That gives you the maximum flexibility when you come to use the transformer.
If you want good regulation use 3A/sqmm, if you want excellent regulation use 2A/sqmm.
1.6mm diameter is ~2sqmm and can pass 4A to 6A per winding.
2mm diameter can pass 6A to 10Aac per winding.
Is 10gauge about 3mm diameter?
That's just 7sqmm and can pass a maximum of ~22A.
From 0-25,0-25Vac that's only 1100kVA. You're strangling the toroid using 3mm wire.
This toroid is wound for 120VAC operation, with just different taps to change the secondary output voltage by the ratio of turns.
Yes, the higher current taps (less primary turns) make more noise. Original 6V tap draws the least current, and makes least noise, but I didn't want to wrap nearly double the amount of turns to get the voltage I need, I'll so the next one up, Original 12V 40A tap. So what you mention, having more primary turns won't reduce the amps output at the secondary then?
Also, you mention 10 AWG wire good for 22A. So two 10AWG wires in parallel should be good for 44A right?
My plan to save wrapping effort, and half the actual amount of turns I have to wrap, is to actually wrap FOUR 10AWG wires together in parallel with enough turns for just 25V, and when it's done, I wire them in series-parallel to get the 50V (25-0-25) so each 25V side would have 2 parallel 10AWG wires, and where they connect would be the CT. I'll be aware of the proper phase of course.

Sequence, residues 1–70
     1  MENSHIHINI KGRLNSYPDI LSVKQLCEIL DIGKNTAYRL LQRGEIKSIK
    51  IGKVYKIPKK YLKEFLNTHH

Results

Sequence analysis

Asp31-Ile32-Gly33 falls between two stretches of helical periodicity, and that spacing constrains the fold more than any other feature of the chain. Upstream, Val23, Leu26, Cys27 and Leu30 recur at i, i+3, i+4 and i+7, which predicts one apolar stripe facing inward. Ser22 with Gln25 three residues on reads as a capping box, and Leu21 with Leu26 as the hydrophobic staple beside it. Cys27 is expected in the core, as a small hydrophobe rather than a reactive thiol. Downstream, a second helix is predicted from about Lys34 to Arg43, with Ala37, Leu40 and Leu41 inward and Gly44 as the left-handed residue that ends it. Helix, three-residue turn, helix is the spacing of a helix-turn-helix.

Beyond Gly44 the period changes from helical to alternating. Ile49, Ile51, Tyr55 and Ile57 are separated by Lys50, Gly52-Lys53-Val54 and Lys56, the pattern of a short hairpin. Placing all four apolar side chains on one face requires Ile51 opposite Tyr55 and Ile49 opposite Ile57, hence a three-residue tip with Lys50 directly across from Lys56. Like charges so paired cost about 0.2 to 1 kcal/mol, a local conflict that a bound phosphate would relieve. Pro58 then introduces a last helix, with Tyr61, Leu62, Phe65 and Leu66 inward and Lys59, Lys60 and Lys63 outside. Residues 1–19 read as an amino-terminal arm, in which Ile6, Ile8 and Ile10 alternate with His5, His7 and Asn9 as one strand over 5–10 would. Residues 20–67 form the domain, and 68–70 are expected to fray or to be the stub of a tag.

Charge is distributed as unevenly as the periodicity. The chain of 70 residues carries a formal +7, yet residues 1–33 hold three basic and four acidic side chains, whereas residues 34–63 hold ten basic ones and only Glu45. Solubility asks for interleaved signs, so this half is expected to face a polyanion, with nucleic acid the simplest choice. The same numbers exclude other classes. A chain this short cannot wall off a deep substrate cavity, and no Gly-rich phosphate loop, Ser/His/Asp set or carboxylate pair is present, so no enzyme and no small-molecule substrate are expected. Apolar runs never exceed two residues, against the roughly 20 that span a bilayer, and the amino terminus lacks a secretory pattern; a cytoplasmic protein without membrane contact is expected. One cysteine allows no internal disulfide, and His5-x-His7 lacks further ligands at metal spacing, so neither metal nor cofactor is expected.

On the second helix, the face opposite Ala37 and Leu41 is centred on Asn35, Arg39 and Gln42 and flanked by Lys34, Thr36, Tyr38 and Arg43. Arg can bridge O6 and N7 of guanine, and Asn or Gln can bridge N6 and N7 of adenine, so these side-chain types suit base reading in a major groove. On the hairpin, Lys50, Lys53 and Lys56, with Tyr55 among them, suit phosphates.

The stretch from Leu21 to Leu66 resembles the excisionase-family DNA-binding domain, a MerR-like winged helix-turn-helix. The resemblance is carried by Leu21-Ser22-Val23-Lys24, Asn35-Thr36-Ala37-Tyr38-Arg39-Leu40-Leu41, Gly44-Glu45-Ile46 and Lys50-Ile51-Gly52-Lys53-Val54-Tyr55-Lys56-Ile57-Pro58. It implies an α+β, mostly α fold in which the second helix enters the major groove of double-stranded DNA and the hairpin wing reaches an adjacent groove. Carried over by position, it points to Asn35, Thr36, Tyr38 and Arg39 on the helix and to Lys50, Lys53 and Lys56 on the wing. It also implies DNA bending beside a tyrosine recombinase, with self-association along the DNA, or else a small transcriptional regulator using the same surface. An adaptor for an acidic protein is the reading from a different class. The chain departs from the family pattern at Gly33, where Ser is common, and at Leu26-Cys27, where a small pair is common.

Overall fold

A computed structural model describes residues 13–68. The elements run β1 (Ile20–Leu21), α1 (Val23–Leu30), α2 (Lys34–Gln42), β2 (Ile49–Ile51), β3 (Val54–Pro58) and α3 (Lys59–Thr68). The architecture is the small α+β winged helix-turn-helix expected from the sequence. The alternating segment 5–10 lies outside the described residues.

Would that provide the required VA?
4 windings of 10gauge (if this is 3mm diameter) will give max of 550VA per winding, but regulation is likely to be quite high, particularly if you try to draw 2200VA at once.
Reducing this to 2A/sqmm gives about 350VA per winding and regulation will be better. Total ~ 1400VA.
The limit for this transformer will be set by the primary turns and the core size. I cannot give any help with this side of the redesign.
Have you tried to wind bi-fillar before?
Have you tried to wind 3mm diameter before?
3mm and quad fillar will be some challenge.
Yes I agree with your sketch, bring all the tappings to the outside.